Editors’ note: This article, first published during print on April-1999, has been republished for Nonprofit Quarterly with minor updates.
This article is our first memorial tribute. We hope we won’t have many occasions to write more of them. It is fitting, though, that our first memorial is for Hank Rosso, who was my mentor and teacher when I became involved in fundraising more than 20 years ago, and remained someone I relied on for fundraising advice.
Hank was first in many things with regard to fundraising. He was the founder, with Joe Mixer, of The Fund Raising School, where I took my first fundraising training in 1978. He was one of the first to codify fundraising knowledge and to develop ways to share that knowledge with others. He remained the best fundraising teacher, even as more people took up teaching this craft. He was adamant and effective in promoting the idea that fundraising is an honorable profession, and that it should be integral to all the work of an organization. Much of what he taught and stood for has become common, but he was the pioneer.
Hank’s 50-year career as a fundraiser transformed the field, particularly in the training of development directors, executives, board members, and volunteers. He defined fundraising as “the gentle art of teaching the joy of giving” and expressed that art in humane and compassionate terms that inspired others.
Hank taught tens of thousands of people through The Fund Raising School. Courses he pioneered have since been offered on every continent except Antarctica, and hundreds of thousands of nonprofits have benefited from the principles and techniques he first articulated. In addition to hundreds of articles and curricula, he compiled a comprehensive book, Achieving Excellence in Fund Raising, and wrote another useful text, Rosso on Fundraising.
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There are some things about Hank I never knew until I read the notice of his death sent by the Indiana University Center on Philanthropy. It was characteristic of his humility that he never told me that, as a budding high-school journalist in Princeton, NJ, he was the first person in the United States to be granted an interview by Dr. Albert Einstein. After military service, he graduated magna cum laude from Syracuse University, and was elected a member of Phi Beta Kappa.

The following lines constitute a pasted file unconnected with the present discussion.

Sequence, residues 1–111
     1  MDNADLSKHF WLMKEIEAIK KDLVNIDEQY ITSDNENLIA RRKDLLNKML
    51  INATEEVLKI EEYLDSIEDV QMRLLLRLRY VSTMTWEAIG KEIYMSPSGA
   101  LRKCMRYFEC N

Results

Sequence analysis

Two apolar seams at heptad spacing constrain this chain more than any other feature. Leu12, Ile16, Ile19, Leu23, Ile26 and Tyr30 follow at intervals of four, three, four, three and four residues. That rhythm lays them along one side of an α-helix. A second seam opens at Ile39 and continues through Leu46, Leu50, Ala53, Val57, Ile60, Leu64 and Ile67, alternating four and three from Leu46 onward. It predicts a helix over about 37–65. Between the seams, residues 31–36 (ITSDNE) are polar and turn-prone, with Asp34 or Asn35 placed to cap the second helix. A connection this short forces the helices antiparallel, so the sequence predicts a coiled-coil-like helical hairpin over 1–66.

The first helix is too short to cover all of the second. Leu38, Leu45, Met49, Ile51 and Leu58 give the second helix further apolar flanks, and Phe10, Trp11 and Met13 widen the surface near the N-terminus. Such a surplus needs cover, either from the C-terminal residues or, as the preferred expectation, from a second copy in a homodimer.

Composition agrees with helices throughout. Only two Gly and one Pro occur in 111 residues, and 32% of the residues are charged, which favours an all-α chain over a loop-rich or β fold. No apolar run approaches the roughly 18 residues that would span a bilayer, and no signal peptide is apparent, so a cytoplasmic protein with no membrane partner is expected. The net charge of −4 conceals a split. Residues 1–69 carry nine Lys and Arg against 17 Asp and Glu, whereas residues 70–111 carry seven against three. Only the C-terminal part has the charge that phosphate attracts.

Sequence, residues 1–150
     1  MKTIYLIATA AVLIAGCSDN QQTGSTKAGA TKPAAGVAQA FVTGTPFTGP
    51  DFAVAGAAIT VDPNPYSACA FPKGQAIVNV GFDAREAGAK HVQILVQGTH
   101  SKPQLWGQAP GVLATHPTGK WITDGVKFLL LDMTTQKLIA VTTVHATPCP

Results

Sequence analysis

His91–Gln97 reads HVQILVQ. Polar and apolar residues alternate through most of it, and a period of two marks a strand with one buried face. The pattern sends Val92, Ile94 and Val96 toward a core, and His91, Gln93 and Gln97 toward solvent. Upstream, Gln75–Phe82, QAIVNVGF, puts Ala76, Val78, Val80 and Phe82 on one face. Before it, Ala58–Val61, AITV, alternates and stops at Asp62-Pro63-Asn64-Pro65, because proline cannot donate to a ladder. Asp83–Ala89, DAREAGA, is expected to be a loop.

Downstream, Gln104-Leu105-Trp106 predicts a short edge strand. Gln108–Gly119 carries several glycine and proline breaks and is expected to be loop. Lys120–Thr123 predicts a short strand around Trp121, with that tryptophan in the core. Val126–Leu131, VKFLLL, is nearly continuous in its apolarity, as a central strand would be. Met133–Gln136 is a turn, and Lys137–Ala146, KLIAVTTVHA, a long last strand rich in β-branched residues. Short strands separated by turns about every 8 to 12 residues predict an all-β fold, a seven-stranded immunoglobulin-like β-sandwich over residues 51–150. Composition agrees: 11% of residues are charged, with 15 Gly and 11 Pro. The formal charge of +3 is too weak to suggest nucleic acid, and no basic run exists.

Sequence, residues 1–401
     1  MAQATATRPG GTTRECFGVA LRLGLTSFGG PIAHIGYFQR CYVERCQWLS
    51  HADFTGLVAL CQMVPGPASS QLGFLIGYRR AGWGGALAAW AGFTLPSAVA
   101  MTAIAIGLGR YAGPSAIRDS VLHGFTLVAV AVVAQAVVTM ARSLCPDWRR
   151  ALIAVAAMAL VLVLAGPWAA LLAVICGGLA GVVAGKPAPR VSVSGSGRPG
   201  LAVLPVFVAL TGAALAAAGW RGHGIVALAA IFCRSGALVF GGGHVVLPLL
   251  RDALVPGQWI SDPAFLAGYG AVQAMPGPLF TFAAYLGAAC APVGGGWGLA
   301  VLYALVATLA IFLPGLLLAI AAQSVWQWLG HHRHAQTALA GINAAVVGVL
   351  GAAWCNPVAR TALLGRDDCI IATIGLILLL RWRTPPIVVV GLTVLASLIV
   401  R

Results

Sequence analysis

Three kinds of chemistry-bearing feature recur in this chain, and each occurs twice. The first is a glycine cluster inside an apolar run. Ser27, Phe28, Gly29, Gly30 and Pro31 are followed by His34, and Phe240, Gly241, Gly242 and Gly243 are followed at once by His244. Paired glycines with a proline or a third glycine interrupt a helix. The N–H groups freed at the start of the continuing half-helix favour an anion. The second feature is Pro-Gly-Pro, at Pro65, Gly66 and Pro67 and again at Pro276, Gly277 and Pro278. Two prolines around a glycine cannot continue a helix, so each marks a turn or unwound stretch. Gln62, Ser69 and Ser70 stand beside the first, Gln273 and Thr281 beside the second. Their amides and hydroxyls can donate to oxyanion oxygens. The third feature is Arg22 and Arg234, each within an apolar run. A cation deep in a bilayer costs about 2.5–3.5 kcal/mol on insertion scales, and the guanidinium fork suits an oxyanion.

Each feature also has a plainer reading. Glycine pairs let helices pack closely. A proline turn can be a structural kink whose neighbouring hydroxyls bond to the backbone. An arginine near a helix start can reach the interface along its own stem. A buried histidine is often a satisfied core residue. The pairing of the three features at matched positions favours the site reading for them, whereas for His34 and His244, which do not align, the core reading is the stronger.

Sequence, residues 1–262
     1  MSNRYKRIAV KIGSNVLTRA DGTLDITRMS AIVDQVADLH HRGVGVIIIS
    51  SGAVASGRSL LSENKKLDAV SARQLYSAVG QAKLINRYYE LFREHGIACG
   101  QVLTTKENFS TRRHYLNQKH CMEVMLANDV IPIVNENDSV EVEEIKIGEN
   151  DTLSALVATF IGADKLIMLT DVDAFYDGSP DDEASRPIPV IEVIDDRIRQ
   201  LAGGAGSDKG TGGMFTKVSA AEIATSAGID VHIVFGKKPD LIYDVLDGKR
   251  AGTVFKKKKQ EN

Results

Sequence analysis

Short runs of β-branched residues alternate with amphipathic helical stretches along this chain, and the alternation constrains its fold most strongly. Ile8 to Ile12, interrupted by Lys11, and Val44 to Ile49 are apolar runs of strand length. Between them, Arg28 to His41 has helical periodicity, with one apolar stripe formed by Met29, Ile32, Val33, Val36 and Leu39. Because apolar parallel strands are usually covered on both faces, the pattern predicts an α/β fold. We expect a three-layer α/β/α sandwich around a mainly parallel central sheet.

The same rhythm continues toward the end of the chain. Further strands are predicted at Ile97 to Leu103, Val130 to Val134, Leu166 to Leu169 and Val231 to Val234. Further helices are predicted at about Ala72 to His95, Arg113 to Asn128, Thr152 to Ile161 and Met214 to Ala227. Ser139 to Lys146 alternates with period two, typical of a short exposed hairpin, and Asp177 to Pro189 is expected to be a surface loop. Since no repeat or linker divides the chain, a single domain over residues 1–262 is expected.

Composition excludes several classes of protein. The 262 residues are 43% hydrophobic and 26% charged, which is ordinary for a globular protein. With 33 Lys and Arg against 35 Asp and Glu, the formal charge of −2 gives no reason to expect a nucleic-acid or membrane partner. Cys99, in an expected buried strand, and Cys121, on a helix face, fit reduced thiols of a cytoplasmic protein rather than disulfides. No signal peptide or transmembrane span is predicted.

Over the course of his career in fundraising, Hank was given almost every award available to fundraising professionals, including Outstanding Fund Raising Executive of the Year in 1985 from the National Society for Fundraising Executives. Indiana University created an award called the Henry A. Rosso Award for Lifetime Achievement in Fund Raising and then made him its first recipient. He received an Honorary Doctor of Laws degree from both Indiana University and Pacific Union College.
Hank will be best remembered by those of us in grassroots fundraising for his unending patience with the groups he taught, and for his tremendous generosity with his time. He gave hours of advice at no charge and was never irritated at having to answer the same questions over and over. When I went to work for the Coalition for the Medical Rights of Women in San Francisco in 1978 (my first fundraising job), the Coalition’s steering committee gave me a tape of a conversation they had had with Hank. They had called him and explained that they couldn’t afford to attend his Fund Raising School, but wondered if he could recommend any resources. As very little had yet been written about grassroots fundraising, Hank invited a group of them to his home and spent the evening giving them advice—in reality a short course on how to do fundraising—which they taped. That advice formed the basis of the fundraising plan the Coalition developed, and served as the foundation for our very successful fundraising efforts.
I traveled with Hank and his wife, Dottie, who was also his steadfast and tireless business associate, to more states than I can remember, as well as to Jamaica (twice) and Dominica. He absorbed information like a sponge, and rarely forgot anything. I loved working with him not only because I learned so much, but also because he and Dottie were a lot of fun. He had a tremendous sense of humor, and he was a connoisseur of food. I always knew that when I traveled with Hank I would eat well and laugh a lot.
Hank’s greatest gift was his ability to inspire in people the confidence that they could raise money, and people often remarked after his workshops that he had made the impossible possible. It is to Hank that nervous solicitors owe the reminder, “Kick yourself out of the way and let your cause do the talking.”
A few years ago Hank developed Alzheimer’s Disease, so we have been missing him for some time. His family asks that contributions be made to the Hank Rosso Memorial Fund, Indiana University Center on Philanthropy, 550 West North St, Suite 301, Indianapolis, IN 46202, or to National Alzheimer’s Research, 919 North Michigan Ave, Suite 1000, Chicago, IL 60611-1678.